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New York City vacation rental ban to come into effect in May 2011

February 7, 2011

City Hall New YorkNew York City short-term rental ban to come into effect in May 2011
Explaining the lodgers exemption
(also misleadingly referred to as the B&B exemption)

A1000-B/S6873-B, signed into law in July 2010 but coming into effect in May 2011, amended the New York State Multiple Dwelling Law (“MDL”) to prohibit some New York City owners to rent their homes for less than thirty days.

This ban will apply to all “class A multiple dwellings,” which the MDL defines as dwellings occupied as the residence or home of three or more families living independently of each other.

The MDL, however, provides that boarders or roomers may still rent for less than thirty days provided that they live within the household of the permanent occupant(s). [1]

How many boarders or lodgers one is allowed to have in one’s home without being in violation of the MDL?

Four.  [2]

Section 4 of the MDL provides as follows:
A family is either a person occupying a dwelling and maintaining a household, with not more than four boarders… or two or more persons occupying a dwelling, living together and maintaining a common household, with not more than four boarders… A boarder residing with a family shall mean a person who pays a consideration for such a residence and does not occupy such space within the household as an incidence of employment therein.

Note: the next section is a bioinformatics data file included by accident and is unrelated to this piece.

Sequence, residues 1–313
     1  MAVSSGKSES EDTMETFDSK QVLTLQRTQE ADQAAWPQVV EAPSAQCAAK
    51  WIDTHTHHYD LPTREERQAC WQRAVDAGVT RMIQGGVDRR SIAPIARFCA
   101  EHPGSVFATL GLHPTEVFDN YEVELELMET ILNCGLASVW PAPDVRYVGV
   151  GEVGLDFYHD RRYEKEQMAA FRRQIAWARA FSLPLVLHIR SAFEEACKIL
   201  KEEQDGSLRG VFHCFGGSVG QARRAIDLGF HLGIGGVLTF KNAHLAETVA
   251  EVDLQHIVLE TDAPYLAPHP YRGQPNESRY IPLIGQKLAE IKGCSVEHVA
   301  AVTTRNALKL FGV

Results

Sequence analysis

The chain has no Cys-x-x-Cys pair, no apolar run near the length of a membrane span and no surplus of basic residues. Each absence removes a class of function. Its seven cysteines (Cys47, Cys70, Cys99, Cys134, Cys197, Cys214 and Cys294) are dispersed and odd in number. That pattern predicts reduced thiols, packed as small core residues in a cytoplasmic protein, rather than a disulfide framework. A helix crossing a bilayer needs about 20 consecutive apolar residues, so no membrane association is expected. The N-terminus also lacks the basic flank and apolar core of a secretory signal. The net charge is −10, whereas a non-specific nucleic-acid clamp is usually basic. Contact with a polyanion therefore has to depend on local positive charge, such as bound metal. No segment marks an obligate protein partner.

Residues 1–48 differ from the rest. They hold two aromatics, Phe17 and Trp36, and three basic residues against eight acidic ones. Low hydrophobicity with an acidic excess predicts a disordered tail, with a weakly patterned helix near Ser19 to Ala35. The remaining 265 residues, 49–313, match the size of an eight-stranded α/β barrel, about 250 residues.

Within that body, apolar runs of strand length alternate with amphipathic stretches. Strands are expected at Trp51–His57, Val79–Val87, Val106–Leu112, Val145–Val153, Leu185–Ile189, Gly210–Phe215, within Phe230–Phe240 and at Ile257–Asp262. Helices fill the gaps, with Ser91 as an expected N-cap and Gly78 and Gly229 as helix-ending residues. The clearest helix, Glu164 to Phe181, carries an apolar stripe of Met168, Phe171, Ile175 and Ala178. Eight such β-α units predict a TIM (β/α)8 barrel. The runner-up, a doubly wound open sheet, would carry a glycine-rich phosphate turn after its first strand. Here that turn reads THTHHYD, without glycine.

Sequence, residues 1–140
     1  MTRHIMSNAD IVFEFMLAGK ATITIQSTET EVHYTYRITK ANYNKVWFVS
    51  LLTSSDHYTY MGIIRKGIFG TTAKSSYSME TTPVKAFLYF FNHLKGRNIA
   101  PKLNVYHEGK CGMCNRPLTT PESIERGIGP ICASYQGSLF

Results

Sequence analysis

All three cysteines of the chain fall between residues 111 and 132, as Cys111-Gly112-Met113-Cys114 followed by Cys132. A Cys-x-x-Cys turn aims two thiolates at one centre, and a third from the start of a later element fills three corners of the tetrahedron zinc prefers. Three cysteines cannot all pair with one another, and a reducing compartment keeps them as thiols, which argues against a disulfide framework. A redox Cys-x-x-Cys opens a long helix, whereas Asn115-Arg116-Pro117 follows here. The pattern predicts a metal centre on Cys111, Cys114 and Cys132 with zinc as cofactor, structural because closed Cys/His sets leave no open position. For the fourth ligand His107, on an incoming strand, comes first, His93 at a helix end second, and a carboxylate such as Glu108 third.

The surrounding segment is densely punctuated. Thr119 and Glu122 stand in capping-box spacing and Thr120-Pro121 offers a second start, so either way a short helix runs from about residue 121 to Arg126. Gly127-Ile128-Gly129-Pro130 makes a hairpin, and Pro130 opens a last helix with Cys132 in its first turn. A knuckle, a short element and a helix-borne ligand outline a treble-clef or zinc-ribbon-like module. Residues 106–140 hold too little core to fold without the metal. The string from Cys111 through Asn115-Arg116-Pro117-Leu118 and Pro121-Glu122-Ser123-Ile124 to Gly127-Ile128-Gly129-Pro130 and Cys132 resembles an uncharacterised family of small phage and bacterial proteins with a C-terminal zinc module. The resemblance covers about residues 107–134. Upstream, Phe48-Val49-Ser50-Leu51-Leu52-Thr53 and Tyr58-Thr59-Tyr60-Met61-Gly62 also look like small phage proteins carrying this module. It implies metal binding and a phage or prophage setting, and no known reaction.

What does “living within the household of the permanent occupant” mean?

Section 27-2004(4) of the Housing Maintenance Code provides, in pertinent part, that “[a] common household is deemed to exist if every member of the family has access to all parts of the dwelling unit” [emphasis added].

Evidence the DOB will look at to determine whether the unit is occupied in compliance with section 27-2004(4) include:

-Are some of the rooms locked?
-Do the occupants share a bathroom or a kitchen? etc.

Please note that some (not all) administrative law judges may have a very strict interpretation of this requirement and may infer from the existence of locks on individual rooms that the unit was illegally altered for occupancy (in other words, some administrative law judges may see individually locked rooms as separate residences).

Are there any other requirements I should be aware when renting my extra bedroom or room(s) to lodgers?